The Ten Least Nasty Video Nasties

In 1984, the Video Recordings Act came into force, requiring all home video titles released in the UK to have a certificate from the British Board Of Film Classification. This also had the very much intended effect of more or less outlawing a number of films that had been released prior to the VRA to a wave of public unease. Some of these were obvious candidates for 'banned' status. Others - and there were over seventy of them - were more puzzling, and it was hard to see why Leon Brittan and company felt they posed such a threat to the moral fabric of society. Here, then, are ten of the least likely inclusions on the bafflingly snowballing list of 'Video Nasties,' all of them long since re-released uncut to little public concern or indeed interest...

Possession (1981)

Sam Neill and Isabelle Adjani in Cannes-lauded arty psychosexual melodrama about a woman who thinks she might be having an affair with an extra-terrestrial octopus thing. Very much the sort of film that 'makes you think,' mainly about how exactly penetration would have been achieved.

The Funhouse (1981)

Tobe Hooper-helmed conventional-as-they-come scarefest about a group of teenagers trapped inside a low-rent carnival attraction with a carny-conscious madman. Trailered prior to cinema showings of E.T. shortly before elevation to 'Nasty' status.

The Living Dead At The Manchester Morgue (1974)

Lake District-set eco-parable in which zombies run up against characters called George and Edna. Resultant 'Hammer House Of Horror' vibe distinctly at odds with the concept of Depraving & Corrupting.

I Miss You, Hugs & Kisses (1978)

Elke Sommer in Canadian-sourced loosely 'true-life crime'-inspired melodrama with dubious honour of being The Video Nasty Everyone Always Forgets. Barely out of TV Movie territory to be honest.

Visiting Hours (1982)

William Shatner heads a Twentieth Century Fox-bankrolled cast in search of a serial killer targeting a hospital-bound intended victim. Shown uncut by ITV only a few years after the 'Nasties' furore.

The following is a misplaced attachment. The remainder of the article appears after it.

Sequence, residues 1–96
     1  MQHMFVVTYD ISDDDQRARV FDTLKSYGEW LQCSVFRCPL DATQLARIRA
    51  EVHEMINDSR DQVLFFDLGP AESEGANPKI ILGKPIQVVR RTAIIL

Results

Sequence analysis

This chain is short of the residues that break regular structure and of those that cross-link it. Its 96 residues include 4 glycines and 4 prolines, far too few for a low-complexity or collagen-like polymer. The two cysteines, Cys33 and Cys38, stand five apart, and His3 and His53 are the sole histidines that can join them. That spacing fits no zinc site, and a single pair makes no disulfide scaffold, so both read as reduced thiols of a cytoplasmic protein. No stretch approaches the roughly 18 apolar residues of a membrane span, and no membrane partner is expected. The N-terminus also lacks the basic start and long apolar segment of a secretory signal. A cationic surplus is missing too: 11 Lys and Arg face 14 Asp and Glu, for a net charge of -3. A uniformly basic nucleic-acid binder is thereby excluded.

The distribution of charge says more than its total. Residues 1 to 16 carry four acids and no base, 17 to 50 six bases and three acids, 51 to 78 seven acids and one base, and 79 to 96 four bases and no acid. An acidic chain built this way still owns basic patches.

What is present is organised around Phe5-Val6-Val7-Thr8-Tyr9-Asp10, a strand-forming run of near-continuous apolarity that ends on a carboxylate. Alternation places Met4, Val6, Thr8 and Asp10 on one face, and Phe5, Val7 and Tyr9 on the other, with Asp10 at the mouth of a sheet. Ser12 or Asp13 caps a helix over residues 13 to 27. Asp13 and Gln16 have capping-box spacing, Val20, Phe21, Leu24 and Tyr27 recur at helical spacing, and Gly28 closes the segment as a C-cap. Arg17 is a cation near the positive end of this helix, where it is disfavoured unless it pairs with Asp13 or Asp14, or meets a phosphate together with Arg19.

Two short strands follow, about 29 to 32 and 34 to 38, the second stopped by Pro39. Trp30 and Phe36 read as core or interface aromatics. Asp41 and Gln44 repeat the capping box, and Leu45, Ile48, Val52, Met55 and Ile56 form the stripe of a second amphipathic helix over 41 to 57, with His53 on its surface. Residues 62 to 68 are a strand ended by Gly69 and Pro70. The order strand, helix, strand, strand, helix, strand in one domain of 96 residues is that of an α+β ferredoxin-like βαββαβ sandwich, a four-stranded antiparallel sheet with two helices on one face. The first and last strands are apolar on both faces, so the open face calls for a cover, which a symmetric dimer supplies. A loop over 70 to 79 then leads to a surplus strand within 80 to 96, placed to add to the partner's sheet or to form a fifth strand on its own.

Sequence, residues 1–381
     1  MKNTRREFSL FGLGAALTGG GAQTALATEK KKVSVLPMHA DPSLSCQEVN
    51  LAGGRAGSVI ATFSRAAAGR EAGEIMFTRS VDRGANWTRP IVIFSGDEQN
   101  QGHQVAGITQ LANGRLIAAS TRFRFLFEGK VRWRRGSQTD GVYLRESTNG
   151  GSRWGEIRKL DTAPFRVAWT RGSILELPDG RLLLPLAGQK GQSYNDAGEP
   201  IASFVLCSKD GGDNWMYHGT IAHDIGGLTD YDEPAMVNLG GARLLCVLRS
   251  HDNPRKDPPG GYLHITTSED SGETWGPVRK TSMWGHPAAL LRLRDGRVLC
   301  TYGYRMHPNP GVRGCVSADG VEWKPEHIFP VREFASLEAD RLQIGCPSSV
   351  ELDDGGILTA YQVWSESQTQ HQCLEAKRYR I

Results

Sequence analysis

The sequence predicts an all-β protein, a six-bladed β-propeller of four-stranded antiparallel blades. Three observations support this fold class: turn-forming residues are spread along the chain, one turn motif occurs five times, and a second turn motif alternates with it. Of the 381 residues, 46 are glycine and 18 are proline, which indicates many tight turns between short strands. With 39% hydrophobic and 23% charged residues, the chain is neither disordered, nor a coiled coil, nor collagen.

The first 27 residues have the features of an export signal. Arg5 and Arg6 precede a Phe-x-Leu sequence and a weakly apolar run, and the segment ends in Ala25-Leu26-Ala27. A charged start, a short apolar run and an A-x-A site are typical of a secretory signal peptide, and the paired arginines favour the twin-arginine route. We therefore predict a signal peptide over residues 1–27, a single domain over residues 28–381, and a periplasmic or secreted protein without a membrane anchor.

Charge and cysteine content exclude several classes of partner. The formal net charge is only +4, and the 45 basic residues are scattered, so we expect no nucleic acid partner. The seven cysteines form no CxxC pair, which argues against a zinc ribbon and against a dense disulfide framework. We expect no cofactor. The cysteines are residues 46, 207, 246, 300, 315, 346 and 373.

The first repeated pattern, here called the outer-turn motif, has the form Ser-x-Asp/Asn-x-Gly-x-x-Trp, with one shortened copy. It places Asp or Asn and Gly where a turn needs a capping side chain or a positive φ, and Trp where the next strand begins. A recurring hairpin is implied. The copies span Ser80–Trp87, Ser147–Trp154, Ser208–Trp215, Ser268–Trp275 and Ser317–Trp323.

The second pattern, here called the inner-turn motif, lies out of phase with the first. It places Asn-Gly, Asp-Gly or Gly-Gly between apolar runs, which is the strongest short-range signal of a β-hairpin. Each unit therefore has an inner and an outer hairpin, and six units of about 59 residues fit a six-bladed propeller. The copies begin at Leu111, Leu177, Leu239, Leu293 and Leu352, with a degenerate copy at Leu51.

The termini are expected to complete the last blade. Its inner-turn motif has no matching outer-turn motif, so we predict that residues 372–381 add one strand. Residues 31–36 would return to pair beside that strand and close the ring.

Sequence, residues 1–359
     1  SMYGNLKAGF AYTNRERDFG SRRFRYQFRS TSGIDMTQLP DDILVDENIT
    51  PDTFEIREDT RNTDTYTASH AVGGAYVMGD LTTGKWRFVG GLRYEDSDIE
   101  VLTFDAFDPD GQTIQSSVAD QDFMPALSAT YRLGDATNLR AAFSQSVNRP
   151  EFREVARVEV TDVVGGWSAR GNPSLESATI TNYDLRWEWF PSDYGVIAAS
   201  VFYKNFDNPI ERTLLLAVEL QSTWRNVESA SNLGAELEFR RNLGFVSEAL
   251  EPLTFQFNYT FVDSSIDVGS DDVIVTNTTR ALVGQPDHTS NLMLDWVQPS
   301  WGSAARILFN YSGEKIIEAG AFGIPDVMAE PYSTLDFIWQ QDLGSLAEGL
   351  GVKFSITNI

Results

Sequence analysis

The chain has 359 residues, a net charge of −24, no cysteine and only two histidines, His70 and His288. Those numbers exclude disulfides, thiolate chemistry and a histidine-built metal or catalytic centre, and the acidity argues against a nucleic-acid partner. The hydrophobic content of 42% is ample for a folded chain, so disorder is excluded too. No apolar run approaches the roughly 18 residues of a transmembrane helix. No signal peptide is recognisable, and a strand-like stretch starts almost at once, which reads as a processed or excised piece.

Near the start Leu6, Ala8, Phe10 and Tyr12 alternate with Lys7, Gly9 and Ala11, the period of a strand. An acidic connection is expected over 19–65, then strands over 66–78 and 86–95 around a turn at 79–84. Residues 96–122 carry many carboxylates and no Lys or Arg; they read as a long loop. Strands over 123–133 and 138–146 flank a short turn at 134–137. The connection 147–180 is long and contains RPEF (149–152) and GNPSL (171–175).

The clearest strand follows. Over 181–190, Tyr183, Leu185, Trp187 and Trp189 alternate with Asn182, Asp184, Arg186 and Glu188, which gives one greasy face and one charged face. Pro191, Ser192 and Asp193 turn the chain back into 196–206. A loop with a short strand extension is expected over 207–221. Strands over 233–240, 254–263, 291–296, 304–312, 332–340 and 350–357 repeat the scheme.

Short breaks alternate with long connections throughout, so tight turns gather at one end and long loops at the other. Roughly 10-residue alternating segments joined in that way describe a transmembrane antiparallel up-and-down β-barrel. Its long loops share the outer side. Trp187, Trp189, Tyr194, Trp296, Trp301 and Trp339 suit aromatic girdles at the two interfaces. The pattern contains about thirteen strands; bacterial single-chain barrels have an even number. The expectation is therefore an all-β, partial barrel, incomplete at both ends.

Contamination (1981)

Italian 'in space, nobody can hear you plagiarise' rip-off of Alien, only with the cunning twist of taking place on Earth; nobody would ever suspect a thing. Now reclassified as a '15'.

Blood Feast (1963)

Campy schlock-pioneering Herschell Gordon Lewis silliness about a caterer possessed by the spirit of an Egyptian goddess with a 'thing' for ridiculously over-the-top gore. Even the notorious tongue-pulling scene isn't that convincing.

Dead & Buried (1981)

Glossy Lorimar-esque 'Hollywood Does Zombies' blandness with requisite quota of big name stars (including stars of the likes of Dynasty, Blue Thunder and St Elsewhere) and screenwriters. Surprising anyone actually noticed it.

The Burning (1981)

Miramax, Thorn EMI, Rick Wakeman, Jason Alexander, Holly Hunter, Handmade Films, virtual carbon copy of Friday The 13th. Not exactly what you'd call cheap and nasty, but 'Nasty' it was, due to the accidental release of a hastily-withdrawn uncut version.

The Witch Who Came From The Sea (1976)

Society For Cutting Up Men-friendly genre-free strangeness about a woman who mutilates brutal males, with the aid of solarised flare lenses and some clown make-up. Possibly too eye-hurting to have caused much distress.